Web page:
Craig Richards

Aside from whatever self-serving adventure the director is on, it always baffles me how a team of dedicated professionals seem to be surrounding those types. Anyway, you seem like a well-disciplined, professional and creative problem-solver, Amanda, and you're exactly the kind of line producer/production manager I look for on my projects. Please stay encouraged and know that, with your positive attitude and professionalism, demand for you on projects will only increase.

Thaddeus Jones

No you are right. I am a professional, and so are you it seems. We don't work for free.

Tobias Dawson

Working for free sucks, and asking people to work for free sucks as well. Avoid either one. If the project is capable of making money in the real market, then you should be able to find investors who will put money into it. Then everyone gets paid. Not paying people is like waving a flag that says "this movie will never see light of day".

Rachael Saltzman

I'm confused. Since when is AD a creative position? That's scheduling, call sheets, and keeping time.

Richard Trombly

True about the value of an AD, Craig , but AD is not "creative" as in an above-the-line book keeping sense.

Rachael Saltzman

Don't assume. And yeah, that's not much of a business there if they're not paying you. People often get confused by the name of the position, Craig - AD is a producer track role, not an above the line creative track role.

Amanda Nevarez

So, I sent the producer and director an email letting them know that I would not be working on this film and good luck to them. With your opinions, I think it made I t easier. Thanks again!

Richard Trombly

Thanks for your post. it resonated with many and informed more than a few .. and seems like you got some community support , so thanks to the members

Kerry Brent Hower

NO! Your not wrong! There's a FOOL here in San Diego trying to shoot a 180pg Vampire flick (of all genre's to pick) for free. He's always posting BS on facebook looking for free cast and crew. Can't wait to see the production value. No one want's to see a Vampire movie after what's been done recently. If things are weird from the beginning you can expect it to get worse long before it gets better...if at all. It's funny how people want to pretend that they're professionals and yet they don't even know the basics of film making. Do all the hard work and then when it gets to production when it gets exciting, they replace you? F-THAT! My opinion is if someone is that stupid... QUIT! I give writers a break though. I myself write in a fashion that is "Actor" friendly. I do give descriptions that allow the talent to get a grip on the character. But I also direct what I write for the most part. It's all about a good story and great characters that the audience can relate too and care about or hate. If you don't have that... RUN!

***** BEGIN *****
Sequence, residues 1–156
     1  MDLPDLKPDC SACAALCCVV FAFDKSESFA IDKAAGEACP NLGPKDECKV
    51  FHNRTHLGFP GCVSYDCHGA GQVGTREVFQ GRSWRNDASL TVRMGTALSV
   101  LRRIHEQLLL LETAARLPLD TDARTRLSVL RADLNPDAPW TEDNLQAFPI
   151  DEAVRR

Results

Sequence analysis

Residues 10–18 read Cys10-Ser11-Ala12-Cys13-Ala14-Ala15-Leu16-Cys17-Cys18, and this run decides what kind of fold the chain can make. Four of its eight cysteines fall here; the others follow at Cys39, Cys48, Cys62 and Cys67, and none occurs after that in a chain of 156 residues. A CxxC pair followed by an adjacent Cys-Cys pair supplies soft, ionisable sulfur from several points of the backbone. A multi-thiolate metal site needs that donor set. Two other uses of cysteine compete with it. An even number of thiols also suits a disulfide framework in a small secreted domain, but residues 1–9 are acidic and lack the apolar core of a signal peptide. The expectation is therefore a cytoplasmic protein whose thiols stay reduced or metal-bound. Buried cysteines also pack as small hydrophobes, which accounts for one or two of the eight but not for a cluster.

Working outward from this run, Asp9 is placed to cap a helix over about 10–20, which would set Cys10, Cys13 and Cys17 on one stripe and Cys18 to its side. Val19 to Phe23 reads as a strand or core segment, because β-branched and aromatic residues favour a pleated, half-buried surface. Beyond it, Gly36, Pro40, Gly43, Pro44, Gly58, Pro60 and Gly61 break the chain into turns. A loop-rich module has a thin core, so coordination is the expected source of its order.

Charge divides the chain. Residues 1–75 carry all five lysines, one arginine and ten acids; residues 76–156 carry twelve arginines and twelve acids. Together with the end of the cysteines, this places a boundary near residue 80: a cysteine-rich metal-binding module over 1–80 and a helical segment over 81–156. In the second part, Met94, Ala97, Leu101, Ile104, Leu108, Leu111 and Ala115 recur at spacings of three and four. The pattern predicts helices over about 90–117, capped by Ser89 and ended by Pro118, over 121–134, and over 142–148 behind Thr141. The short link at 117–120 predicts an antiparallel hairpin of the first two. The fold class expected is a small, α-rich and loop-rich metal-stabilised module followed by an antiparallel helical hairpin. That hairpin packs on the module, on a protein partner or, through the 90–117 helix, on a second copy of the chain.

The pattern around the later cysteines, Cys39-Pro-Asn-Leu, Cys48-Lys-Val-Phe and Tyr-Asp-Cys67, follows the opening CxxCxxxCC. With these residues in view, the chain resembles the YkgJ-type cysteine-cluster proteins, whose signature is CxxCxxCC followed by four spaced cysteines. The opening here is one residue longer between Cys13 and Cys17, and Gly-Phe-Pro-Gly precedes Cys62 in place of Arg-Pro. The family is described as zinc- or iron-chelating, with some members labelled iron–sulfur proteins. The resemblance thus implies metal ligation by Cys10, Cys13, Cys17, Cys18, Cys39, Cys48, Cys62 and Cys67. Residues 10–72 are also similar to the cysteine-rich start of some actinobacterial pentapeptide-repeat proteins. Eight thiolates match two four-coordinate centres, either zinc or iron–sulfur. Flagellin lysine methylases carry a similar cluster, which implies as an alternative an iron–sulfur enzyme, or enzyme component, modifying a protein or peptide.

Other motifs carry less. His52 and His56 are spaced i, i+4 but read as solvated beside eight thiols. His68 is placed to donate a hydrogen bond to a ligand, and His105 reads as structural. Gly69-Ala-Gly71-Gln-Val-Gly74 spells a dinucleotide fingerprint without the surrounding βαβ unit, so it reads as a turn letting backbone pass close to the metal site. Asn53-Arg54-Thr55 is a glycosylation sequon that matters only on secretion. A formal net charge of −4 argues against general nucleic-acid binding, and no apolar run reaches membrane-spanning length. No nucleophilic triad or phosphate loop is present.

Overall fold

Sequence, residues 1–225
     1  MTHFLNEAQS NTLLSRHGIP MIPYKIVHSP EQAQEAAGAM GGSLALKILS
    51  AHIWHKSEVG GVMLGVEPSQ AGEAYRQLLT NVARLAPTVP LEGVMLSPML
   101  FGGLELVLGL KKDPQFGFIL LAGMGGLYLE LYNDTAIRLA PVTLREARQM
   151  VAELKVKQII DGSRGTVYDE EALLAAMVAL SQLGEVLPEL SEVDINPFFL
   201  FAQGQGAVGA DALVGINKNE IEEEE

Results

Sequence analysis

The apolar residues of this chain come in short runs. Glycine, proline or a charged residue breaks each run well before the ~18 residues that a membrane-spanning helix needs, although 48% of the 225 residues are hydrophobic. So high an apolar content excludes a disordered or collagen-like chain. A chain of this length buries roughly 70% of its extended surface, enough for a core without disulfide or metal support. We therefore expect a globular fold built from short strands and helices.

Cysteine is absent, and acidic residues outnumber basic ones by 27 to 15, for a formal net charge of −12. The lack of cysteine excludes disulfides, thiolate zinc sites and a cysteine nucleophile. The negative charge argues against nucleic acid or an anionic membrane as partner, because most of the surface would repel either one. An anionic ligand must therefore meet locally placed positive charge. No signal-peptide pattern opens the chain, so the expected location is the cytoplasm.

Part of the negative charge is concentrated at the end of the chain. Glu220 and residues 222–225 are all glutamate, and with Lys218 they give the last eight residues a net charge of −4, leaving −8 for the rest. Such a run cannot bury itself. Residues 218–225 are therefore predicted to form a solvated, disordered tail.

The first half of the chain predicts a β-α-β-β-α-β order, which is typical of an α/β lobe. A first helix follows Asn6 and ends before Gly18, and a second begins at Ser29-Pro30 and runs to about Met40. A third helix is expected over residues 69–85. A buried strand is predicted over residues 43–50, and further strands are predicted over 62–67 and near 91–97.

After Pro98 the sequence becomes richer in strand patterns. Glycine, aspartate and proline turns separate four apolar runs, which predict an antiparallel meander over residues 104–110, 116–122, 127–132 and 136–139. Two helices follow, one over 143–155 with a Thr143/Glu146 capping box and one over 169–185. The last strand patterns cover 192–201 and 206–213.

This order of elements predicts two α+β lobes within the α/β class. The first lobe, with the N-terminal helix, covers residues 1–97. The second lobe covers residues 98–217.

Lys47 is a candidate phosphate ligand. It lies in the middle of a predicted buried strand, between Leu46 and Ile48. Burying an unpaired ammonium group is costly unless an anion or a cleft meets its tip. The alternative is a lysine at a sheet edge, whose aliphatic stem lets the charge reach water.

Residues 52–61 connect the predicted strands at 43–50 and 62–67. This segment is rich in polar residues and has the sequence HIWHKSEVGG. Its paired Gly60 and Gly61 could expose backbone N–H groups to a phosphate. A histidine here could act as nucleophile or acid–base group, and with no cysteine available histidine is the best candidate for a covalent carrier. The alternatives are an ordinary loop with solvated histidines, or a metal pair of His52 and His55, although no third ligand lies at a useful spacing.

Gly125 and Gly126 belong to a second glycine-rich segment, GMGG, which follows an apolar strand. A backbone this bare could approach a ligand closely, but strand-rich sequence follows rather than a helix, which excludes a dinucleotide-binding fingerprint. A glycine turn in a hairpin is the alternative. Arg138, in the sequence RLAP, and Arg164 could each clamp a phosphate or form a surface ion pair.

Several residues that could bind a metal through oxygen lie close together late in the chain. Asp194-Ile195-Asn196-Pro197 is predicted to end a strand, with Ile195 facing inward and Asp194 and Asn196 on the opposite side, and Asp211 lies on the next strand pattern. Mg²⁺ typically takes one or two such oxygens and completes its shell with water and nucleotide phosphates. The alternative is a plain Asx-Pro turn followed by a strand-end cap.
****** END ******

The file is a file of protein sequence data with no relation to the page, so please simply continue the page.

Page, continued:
Amanda Nevarez

@Kerry, I get that. I really do. It was just overly verbose and repetitive. I've given my regards to the Director and Producer and I really hope that they can get it together and knock it out. I just don't see myself in it or wasting my time to do so many functions when there are others that can do the part and are willing to do it for free.